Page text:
23 September 2016
Juv male harrier Fionn at nest in Ballyhouras, Co. Cork, July 2016

This male was tagged on 7/7 at a site in the Ballyhoura Hills, North Cork, at approx. 28 days old. It’s nest site was in dense heather/gorse among 2nd rotation conifers, quite close to a used track high up the mountainside. This male was one of a brood of 3 that fledged successfully from the nest. After fledging he remained in the nest area for some weeks when he could be heard calling/begging for food and being fed by the adult female who was still on site.

23 September 2016
Nest site in Mullaghareirks, July 2016, Nest site in dense bramble/rush in forest ride, Mullaghareirks, July 2016

This female was tagged on the 15th of July at an approximate age of 24-26 days. The nest was located at a traditional bramble and rush site in the Mullaghareirk Mountains in Co. Cork. Monitored by both staff and volunteers as part of IRD Duhallow’s RaptorLIFE project, the chick was in a brood of 2 and was the heaviest of all the 10 chicks tagged this year.

23 September 2016
Juv harrier sat tagged in Mullaghareirks, Co. Kerry, July 2016

As part of this research 10 hen harrier chicks were tagged from ten different nests within the Slieve Blooms, Ballyhouras, Knockmealdown and Mullaghareirks mountains. Recent analysis of the incoming tracking data shows that that at least five of these birds are alive and well. Unfortunately, some of the tags are recording little to no activity (movement) indicating that these birds may have died. To date we have recovered one of the tagged chicks (a female from the Ballyhouras) but the precise cause of death was not conclusive.

23 September 2016
Stephen Murphy with 1st sat tagged harrier in the Ballyhouras, Tagging locations in 2016

Studying Irish hen harriers can be challenging. Many of us have taken part in the most recent national survey (2015) and enjoyed some great days out, perhaps the first sky-dancing male of the season or finding a pair at a new site or the first food-pass and female returning to a nest site. All this helps to give us a more or less complete picture of the status of Irish hen harriers and population trends over time (see Here). What has been shown to date is that nationally the species is declining while one or two subpopulations (eg. Slieve Blooms) appear to be relatively stable over time.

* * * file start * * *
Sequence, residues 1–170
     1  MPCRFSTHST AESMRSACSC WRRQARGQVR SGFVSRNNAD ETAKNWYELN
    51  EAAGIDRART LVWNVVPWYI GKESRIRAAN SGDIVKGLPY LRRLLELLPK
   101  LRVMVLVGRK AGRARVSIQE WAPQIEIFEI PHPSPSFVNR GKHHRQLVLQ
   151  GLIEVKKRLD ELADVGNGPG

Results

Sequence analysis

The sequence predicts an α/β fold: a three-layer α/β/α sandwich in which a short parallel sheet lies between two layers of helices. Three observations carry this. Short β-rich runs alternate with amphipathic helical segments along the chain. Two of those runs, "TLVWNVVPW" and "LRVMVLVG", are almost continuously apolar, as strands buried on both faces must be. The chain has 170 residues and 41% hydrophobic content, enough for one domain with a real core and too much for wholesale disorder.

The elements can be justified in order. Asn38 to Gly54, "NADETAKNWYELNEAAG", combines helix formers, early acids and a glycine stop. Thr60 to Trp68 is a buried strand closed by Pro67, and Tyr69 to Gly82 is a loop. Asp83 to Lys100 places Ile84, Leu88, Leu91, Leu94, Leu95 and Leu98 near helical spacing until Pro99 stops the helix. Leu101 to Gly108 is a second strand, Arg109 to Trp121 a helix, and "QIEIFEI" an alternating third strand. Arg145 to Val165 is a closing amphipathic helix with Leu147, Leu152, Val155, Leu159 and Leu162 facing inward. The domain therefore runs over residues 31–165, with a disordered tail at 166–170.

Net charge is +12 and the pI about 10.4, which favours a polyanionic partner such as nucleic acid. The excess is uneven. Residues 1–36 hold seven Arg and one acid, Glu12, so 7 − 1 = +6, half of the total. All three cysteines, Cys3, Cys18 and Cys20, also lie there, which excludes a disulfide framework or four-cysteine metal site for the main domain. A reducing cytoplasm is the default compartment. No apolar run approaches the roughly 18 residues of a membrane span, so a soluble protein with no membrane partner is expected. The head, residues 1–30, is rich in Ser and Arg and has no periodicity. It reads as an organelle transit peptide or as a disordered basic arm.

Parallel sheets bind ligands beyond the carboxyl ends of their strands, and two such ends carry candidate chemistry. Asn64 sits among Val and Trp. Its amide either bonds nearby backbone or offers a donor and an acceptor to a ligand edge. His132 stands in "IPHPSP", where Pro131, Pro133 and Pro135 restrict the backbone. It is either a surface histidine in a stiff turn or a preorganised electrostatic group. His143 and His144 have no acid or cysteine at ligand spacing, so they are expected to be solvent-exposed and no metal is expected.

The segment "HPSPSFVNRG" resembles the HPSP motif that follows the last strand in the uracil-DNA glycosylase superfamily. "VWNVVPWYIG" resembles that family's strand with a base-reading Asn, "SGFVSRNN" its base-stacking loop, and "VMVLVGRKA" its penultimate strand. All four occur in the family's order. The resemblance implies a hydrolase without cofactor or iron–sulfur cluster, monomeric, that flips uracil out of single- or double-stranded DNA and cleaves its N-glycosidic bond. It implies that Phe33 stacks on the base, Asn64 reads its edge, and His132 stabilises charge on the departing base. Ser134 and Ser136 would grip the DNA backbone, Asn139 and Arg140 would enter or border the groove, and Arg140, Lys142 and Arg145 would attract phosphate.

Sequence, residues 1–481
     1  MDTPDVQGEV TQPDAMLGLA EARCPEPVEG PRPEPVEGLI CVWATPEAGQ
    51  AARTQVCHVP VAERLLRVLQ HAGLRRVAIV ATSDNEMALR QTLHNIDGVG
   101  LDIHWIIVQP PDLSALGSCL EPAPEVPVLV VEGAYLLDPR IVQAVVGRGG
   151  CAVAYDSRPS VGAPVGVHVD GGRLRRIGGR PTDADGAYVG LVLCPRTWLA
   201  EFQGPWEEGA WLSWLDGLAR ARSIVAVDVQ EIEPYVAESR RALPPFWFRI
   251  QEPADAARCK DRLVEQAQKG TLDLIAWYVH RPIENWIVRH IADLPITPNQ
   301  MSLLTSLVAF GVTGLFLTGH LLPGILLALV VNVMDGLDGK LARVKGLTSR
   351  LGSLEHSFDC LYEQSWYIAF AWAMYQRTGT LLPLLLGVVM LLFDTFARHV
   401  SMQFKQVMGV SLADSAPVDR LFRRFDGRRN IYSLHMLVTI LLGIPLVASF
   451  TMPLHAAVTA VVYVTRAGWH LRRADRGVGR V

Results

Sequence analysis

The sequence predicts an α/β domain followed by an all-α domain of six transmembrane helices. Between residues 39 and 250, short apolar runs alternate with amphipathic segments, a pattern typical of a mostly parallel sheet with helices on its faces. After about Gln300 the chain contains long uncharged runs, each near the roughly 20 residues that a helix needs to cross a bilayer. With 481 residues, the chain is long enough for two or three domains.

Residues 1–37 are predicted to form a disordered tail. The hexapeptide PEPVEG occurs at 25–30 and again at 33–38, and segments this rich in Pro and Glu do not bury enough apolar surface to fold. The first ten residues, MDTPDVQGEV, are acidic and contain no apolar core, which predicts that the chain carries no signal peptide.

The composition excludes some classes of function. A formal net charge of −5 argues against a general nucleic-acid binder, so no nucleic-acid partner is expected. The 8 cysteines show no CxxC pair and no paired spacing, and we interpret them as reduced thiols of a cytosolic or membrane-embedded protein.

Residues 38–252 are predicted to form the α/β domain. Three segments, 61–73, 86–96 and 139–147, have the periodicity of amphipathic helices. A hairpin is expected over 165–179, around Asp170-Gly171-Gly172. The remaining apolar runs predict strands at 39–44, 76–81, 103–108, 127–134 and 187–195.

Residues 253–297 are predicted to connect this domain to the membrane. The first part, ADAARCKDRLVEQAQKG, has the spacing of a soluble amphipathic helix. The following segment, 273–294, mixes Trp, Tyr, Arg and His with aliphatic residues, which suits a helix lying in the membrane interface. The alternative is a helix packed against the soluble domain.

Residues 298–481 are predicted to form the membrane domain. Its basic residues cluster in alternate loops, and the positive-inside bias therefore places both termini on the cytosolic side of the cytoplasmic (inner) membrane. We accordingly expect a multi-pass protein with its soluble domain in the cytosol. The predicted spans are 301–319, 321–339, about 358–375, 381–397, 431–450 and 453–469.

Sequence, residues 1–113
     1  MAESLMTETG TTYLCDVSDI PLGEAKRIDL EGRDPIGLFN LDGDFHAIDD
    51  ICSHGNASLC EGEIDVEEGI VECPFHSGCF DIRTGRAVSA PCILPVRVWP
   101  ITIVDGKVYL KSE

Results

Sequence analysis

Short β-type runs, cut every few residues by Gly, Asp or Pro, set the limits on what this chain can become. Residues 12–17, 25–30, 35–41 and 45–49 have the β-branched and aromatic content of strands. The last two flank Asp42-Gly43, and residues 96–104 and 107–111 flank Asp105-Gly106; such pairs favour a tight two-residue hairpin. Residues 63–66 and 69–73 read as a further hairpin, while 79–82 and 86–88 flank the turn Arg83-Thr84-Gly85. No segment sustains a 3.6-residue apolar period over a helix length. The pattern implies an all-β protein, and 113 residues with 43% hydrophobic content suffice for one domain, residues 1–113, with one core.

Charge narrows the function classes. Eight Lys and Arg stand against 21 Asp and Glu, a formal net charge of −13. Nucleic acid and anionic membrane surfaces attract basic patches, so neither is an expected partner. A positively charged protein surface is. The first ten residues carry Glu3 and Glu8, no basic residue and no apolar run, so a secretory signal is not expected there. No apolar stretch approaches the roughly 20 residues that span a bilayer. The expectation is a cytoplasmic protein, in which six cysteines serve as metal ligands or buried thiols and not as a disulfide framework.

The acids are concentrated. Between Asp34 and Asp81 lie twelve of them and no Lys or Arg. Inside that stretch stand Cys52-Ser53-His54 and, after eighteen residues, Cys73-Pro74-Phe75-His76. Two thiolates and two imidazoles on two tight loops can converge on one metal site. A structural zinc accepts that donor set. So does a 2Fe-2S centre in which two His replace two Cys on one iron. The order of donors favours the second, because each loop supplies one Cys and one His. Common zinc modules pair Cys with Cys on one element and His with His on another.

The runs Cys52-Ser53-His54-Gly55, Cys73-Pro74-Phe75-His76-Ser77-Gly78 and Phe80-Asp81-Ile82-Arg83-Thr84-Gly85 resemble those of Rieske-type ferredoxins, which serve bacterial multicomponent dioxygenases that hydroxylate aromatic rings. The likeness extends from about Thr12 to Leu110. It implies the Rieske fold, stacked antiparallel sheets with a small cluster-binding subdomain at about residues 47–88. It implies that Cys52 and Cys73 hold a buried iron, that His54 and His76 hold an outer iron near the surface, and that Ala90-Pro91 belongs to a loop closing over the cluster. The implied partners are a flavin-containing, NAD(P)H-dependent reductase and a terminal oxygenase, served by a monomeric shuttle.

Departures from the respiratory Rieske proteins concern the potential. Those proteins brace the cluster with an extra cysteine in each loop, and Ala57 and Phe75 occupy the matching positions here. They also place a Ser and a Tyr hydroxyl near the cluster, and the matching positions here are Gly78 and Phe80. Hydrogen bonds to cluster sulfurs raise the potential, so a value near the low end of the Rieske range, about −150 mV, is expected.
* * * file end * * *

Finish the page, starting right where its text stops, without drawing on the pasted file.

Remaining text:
23 September 2016
Hen Harrier Tracker

RaptorLIFE have been busy this summer monitoring hen harrier – a big thank you to all the volunteers who gave up many hours of their time to help out! The season culminated with a total of ten chicks satellite tagged, with four of those from the Duhallow region. This is a joint project between RaptorLIFE, the National Parks & Wildlife Service (NPWS) and the Irish Raptor Study Group.

08 July 2016
Freshwater ecology workshop

FREE EVENT - Led by Freshwater Ecologist Dr. David McCormick

When: Saturday 13th August 2016 - 11am to 4pm

Where: IRD Duhallow, James O'Keeffe Institute, Newmarket, Co.Cork

- 11am Presentation on Freshwater Ecology

- 12pm lunch provided

- 12:30 Interactive fieldtrip to investigate native fish and freshwater insects

 

REGISTRATION REQUIRED: If interested please contact the IRD Duhallow RaptorLIFE team on; Phone: 029 60633; Email: john.ballinger@irdduhallow.com

 

20 June 2016
Common swift

The Duhallow Birdwatching group and IRD Duhallow RaptorLIFE are hosting an information Seminar on Thursday 23rd June entitled “The Amazing Swift” with guest Speaker Lynda Huxley.

26 May 2016

Over the duration of the project, DuhallowLIFE has featured in many newspaper reports. Here is a link to download all those newspaper clippings. It's a big file (60MB) as we've been very active in disseminating information on the project

25 May 2016
25 May 2016